Deck Passengers on Bank Line ships...
Andrew Weir's Bank Line were very active in the carriage of Deck passengers during the first half of the 20th century. Starting in 1906 after some in-chartering voyages, two new ships were built in Glasgow, at Russell's, the "Tinhow" and the "Mineric" and the second-hand bought-in the "Salamis" in 1911 for the Indian African Line between Calcutta and Durban. The "Salamis" was an ex-Aberdeen Line emigrant carrier. The "Salamis" was first used on a Colombo-Singapore, Bangkok and Hong Kong connecting service for the Indian-African Line.
All three carried additional cabin passengers as well.
In 1912, the "Salamis" or the "Tinhow" was transferred to Weir's Oriental African Line to cater for Chinese deck passengers to Durban and Cape Town from Hong Kong. (No clear record of which was assigned).
Deck passengers from Calcutta and Hong Kong were indentured labour for the sugar plantations of Natal and northbound: returning labourers and repatriated ship's crews.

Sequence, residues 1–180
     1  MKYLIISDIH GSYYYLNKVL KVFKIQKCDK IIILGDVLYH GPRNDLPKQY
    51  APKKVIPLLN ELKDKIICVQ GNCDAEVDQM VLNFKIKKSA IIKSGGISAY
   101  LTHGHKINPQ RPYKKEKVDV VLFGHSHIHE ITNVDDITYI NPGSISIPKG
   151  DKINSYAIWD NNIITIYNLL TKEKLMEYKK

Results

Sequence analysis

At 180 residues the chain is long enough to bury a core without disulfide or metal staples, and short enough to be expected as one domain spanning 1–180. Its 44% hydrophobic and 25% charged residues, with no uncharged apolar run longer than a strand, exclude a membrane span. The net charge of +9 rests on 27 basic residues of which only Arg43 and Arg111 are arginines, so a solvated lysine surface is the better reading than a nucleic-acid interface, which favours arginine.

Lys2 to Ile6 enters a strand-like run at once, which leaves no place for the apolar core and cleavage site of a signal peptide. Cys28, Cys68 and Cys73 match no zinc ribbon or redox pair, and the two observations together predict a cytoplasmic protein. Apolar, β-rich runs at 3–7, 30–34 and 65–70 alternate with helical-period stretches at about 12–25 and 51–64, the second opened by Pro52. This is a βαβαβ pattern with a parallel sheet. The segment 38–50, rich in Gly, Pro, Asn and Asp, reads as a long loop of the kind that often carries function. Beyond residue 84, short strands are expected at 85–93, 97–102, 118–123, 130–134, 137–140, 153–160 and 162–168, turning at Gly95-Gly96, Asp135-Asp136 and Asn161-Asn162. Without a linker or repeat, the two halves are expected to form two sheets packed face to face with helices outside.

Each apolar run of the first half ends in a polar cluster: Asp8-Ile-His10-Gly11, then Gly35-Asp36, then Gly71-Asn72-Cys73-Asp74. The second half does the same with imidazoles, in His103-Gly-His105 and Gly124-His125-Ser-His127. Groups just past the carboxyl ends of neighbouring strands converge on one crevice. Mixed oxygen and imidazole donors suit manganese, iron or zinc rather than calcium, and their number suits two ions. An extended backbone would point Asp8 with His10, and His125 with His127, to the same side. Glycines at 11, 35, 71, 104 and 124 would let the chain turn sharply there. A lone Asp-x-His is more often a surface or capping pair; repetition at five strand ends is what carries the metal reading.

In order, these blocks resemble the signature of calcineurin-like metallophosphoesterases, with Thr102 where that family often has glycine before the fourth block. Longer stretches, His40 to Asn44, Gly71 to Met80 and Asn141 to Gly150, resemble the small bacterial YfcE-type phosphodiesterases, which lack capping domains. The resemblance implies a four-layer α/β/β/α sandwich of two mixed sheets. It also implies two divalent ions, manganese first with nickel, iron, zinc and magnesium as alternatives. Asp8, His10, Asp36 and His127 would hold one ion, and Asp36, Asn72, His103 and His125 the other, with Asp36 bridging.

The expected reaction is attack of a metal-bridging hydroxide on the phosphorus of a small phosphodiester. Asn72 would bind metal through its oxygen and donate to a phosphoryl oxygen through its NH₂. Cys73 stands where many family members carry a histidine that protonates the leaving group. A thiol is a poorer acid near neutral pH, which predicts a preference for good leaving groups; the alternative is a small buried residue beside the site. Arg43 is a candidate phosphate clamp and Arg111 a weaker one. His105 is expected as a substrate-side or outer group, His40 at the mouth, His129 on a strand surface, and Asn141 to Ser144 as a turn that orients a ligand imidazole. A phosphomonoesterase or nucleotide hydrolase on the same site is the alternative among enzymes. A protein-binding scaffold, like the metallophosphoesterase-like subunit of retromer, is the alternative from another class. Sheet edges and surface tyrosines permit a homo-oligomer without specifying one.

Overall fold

In 1913, three ex-Bucknall steamers from their London-South and Mozambique passenger/cargo service were bought, reconditioned, and placed on the Indian African Line as 1st and deck passenger ships and the Oriental African Line steadied around both the "Salamis" and "Tinhow".
Three motorships were ordered and delivered from Harland and Wolff in 1923, the "Luxmi", "Gujarat" and "Kathiawar" for the Indian African Line but when Bullard King's India-Natal Line was purchased from Union Castle in 1935, three excellent white motorships, the "Isipingo", "Inchanga" and "Incomati" had already been built by Workman Clark in Belfast in 1934 to replace the earlier motorships which were transferred to the Oriental African Line to replace the steamships on that service.
The 'White Ships' had accommodation for 500 deck passengers as well as 50 first class and 20 second class (berthed) passengers. They ran until 1964 being finally downgraded to 12 1st. class only. The "Incomati" and "Tinhow" were war casualties and the "Kathiawar" was wrecked on Goa Island Mozambique in 1937.
You can read all about Weir's passenger ship ventures in my new book "The Shipping Wizard of Kirkcaldy" now published in the United States and available through payment in your own currency by PayPal.
Last edited by Alistair Macnab; 19th February 2019 at 18:13..